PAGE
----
Wet summer weather is here, and it’s bringing out biting insects in force. Wander outside in the morning or evening and see how long before you get your first bite. The tiny draculas are even active in the middle of the day. Welcome to Florida, sucker.
For as long as people have been in the Sunshine State, they’ve been trying to find ways to stop biting mosquitoes. It’s always been a losing battle, but modern chemistry has given us specific poisons (larvicides that target the aquatic juveniles and adulticides that kill the ones already flying around) that impact mosquitoes specifically. Well, that’s the claim, but I sure see a lot fewer insects of all kinds than I did 25 years ago.
Wars are always full of rumors and propaganda, and the fight against bloodsuckers has been no different. All around the United States, hundreds of thousands of property owners have erected purple martin houses. While some just like having the birds around, the big reason is for mosquito control. This is because they say a single purple martin can eat 2,000 mosquitoes a day.
That’s an impressive figure. But who exactly is “they?” According to a report by the Purple Martin Conservation Association, the origin of the confusion was a paper authored by J.L. Wade in 1966. When writing about the purple martin’s rapid metabolism, Wade made the assumption that the bird must consume its weight in mosquitoes on a daily basis to sustain itself. Yet he presented no actual evidence — just a very bold and unsubstantiated claim.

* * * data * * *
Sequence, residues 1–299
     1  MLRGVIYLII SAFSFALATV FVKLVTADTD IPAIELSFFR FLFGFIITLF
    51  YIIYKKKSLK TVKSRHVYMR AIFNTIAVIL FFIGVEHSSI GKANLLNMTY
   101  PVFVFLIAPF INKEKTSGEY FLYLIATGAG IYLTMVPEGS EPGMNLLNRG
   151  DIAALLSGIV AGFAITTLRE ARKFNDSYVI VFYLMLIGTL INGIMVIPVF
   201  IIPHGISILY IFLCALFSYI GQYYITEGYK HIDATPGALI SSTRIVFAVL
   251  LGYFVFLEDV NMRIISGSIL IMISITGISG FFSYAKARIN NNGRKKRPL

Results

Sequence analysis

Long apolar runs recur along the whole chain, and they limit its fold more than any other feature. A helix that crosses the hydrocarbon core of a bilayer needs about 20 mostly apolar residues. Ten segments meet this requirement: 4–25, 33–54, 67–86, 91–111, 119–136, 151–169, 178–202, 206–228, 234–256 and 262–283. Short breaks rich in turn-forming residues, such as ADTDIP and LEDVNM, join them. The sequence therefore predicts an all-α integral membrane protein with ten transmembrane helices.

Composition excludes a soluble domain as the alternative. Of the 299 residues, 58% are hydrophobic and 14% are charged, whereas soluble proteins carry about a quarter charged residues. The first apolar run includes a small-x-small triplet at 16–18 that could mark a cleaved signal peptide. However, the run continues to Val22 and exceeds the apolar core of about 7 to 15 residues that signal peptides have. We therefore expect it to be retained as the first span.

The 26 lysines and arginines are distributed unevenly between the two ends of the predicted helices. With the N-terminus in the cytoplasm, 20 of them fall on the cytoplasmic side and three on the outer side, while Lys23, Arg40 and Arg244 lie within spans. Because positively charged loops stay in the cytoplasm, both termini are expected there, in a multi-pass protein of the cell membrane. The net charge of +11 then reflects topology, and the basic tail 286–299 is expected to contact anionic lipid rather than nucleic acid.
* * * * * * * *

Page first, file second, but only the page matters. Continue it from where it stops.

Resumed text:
Why would he reach such a conclusion? Perhaps it’s worth mentioning that he was a businessman, not a scientist, and it was in his financial interest to get people on board with attracting purple martins: Mr. Wade sold kits for building purple martin houses. And I’ll point out he didn’t actually lie. He didn’t say martins DO eat 2,000 mosquitoes a day — he said they CAN.
This is a good example of what happens when people repeat things they’ve heard or read with no critical thinking involved. But if you look into the actual behaviors of these animals, Wade’s claim falls apart pretty quickly.
Purple martins prefer to feed during the day; mosquitoes are mainly active after sunset and before sunrise. Martins prefer to feed on the wing 50 to 200 feet in the air; mosquitoes rarely fly at such heights. Studies of martins over the past 50 years have consistently shown they target larger insects; mosquitoes are small. While they do eat a few, it’s a tiny percentage of their diets.
Despite this, there are people reading this column right now and shaking their heads at how wrong I am. With so much clear opposing evidence, why do people still believe that purple martins are great mosquito control?
It’s very simple: Human beings are amazingly skilled at believing what we want to believe. Even in a non-election year, it’s easy for us to look right through a mountain of facts that dispute a deeply held personal conviction. It’s one of our major flaws as a species.
Here’s another fact you won’t believe: Bats are lousy mosquito control, too. Now, I’ll readily admit this one is more believable. Bats fly in the evening, and we’re usually starting to see them about the time we start slapping skeeters. They also fly low, sometimes even darting above people’s heads as if to grab the mosquitoes we’re attracting.